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Shoe Lake News
Click on the maps to enlarge. Bathymetric Map Courtesy of and Copyright Sportsman’s Connection, based on Wisconsin DNR data. Watershed map courtesy of Manitowoc County Soil and Water Conservation Department. New! Zoom in even closer with this new interactive watershed mapping tool.
About Shoe Lake
- Condition: Good read more (some 2019 data not available)
- Features: Port-a-pier and boat ramp. 105 feet of frontage with parking for 15 car/trailer units. A picturesque lake with very little shoreline development. Perfect place for rowboating and canoeing. No restrooms, no lighting, no potable water.
- Boat Ramp: Metal grate, 9% slope, >3 ft launch depth, boarding dock.
- Launch Fee: The daily fee is $5 and the seasonal fee is $20.
- ADA Accessibility Features: No. Not ADA accessible. The transition to the boarding dock is not ADA accessible (May/2015).
- Restrictions: Electric motors only. Regulated by Town of Schleswig. Wisconsin boating handbook
- Manitowoc County Map and Photos:
- Surface Area: 9 acres
- Depth: Max: 34′, Mean 22′
- Bottom: 0% sand, 25% gravel, 0% rock, 75% muck
- Shorelength: 0.6 miles
- Lake Type: Seepage
- Lat/Long: 43° 56′ 43.12″ N / 87″ 59′ 12.59″W
Aquatic Invasive Species Threats
- Fish present: Bluegill, largemouth bass, black crappie abound. Perch present.
- View Shoe Lake fishing regulations on DNR website
- Open All Year
- Panfish: Daily bag limit 25. No min length.
- Catfish: Daily bag limit 10. No min length.
- Open 5/2/2020-3/7/2021:
- Largemouth/smallmouth bass: 14″ Limit 5.
- Northern Pike: 26″ Limit 2.
- Walleye: 15″ Limit 5.
- Motor Trolling is allowed with up to 3 hooks, baits, or lures, per angler.
- Familiarize yourself with Wisconsin fishing:
WDNR Hook & Line Guide
- Consumption Advisory: General Manitowoc County/Mercury. Click here.
Stocking and DNR Surveys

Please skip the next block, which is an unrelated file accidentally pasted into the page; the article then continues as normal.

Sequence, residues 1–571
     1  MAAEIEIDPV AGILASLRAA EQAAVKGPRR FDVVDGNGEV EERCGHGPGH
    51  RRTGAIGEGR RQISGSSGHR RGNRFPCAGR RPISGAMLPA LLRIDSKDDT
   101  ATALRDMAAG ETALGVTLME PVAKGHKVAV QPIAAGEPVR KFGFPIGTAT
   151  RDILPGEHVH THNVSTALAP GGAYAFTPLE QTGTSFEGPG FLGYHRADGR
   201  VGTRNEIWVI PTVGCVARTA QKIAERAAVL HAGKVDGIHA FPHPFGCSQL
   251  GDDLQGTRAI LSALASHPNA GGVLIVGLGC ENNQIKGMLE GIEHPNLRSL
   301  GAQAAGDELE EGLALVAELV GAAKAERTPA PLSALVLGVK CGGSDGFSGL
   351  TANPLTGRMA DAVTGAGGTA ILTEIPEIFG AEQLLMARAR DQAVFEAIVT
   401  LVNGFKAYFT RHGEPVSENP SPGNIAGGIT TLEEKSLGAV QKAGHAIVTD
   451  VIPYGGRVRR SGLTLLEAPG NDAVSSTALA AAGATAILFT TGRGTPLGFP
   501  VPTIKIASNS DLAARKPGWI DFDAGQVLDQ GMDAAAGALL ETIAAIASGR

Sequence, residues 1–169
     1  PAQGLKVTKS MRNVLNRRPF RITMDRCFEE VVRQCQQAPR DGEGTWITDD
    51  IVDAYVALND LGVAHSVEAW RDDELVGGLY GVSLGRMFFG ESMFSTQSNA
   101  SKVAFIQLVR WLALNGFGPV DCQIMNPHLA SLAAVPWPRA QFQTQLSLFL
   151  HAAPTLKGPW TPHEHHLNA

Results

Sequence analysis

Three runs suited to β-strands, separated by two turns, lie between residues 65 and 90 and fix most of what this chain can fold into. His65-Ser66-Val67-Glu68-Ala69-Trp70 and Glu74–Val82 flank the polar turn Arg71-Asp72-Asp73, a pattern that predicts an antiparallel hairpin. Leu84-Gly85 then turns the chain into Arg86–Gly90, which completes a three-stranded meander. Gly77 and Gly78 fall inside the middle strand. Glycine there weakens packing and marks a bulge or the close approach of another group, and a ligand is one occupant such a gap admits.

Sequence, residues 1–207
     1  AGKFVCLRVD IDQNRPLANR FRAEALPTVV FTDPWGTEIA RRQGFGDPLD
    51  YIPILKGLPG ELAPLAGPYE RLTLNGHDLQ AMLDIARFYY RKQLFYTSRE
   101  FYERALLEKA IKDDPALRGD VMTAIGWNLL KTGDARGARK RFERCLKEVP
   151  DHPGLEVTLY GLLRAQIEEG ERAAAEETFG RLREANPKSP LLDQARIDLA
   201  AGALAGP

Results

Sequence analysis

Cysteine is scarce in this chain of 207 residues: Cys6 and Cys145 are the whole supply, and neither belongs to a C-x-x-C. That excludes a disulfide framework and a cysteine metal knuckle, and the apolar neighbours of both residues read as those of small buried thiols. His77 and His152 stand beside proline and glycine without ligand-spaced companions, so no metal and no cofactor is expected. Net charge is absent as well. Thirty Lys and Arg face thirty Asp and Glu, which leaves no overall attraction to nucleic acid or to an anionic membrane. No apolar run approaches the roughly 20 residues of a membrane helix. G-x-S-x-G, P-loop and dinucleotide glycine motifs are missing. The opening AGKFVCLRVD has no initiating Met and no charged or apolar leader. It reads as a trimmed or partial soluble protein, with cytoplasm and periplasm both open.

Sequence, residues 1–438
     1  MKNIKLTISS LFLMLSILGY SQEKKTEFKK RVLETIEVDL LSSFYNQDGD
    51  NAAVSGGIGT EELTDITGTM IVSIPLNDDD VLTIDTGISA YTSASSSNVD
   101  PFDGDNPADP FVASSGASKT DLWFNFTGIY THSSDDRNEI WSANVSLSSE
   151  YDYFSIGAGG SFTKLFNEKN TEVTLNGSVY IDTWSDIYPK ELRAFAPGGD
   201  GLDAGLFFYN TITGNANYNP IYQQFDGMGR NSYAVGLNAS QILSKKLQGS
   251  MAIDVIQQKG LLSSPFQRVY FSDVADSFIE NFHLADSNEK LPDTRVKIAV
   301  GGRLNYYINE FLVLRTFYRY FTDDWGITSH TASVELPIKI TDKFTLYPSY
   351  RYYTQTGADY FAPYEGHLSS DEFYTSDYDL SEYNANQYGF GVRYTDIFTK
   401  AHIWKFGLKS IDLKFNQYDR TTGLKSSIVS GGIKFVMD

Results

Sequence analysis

|Summary of DNR Species Sampling (1995-2007-2018)|
|Number caught 2018||
|Largemouth Bass||138||42||5||6.3-16″ (ave. 11.9″)|
|Black Crappie||12||4||51||6-8.1″ (ave. 6.7″)|
|Bluegill||41||20||14||2.8-5.3″ (ave. 6.7″)|
|Yellow Perch||7||3||25||4.6-6.8″ (ave. 5.5″)|
|Yellow Bullhead||1||5||4.6-10.7″ (ave. 8.1″)|
DNR Conclusions from 2018 Survey
- Largemouth Bass numbers are down substantially. Many missing year classes indicate many years of poor recruitment.
- Bluegill numbers are down.
- Black Crappie and Yellow Perch have increased in number. Both are more tolerant to low dissolved oxygen.
- Poor recruitment of Largemouth Bass and other fish may be due to high exploitation of a fishery limited by a small littoral zone or more likely from episodes of poor water quality.
- Stocking may be required to restore the fish populations.
No record of DNR Fish Stocking
Condition: GOOD (2019) Source (some 2019 data not available)
- 5-Year Average Trophic State: Unknown/Mesotrophic
- Secchi Disk: Average summer reading 8.33 ft. (2018—SE Georegion average 7.4 ft.)
Average summer Chlorophyll 3.2 µg/l (SE Georegion average 32.8 µg/l) (2019)
Average summer Total Phosphorous 16.6 µg/l. (2019)
Lakes that have more than 20 µg/l total phosphorus may experience noticeable algae blooms.
- Trophic State Index (TSI): 44/Mesotrophic. What does this mean?
Mesotrophic lakes contain moderate amounts of nutrients, and contain healthy, diverse populations of aquatic plants, algae, and fish. Occasional algae blooms may occur. If the lake is deep enough to stratify, the hypolimnion often becomes low in oxygen by the end of summer, and may result in some phosphorus release from the sediments. Mesotrophic lakes are characterized by moderately clear water, but have an increasing chance of low dissolved oxygen in deep water during the summer.